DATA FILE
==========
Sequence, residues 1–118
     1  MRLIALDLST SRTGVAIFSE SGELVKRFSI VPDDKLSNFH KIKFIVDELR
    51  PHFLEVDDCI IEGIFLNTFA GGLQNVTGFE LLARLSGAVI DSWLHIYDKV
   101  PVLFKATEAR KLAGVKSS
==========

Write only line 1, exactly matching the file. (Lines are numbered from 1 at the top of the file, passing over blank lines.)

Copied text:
Sequence, residues 1–118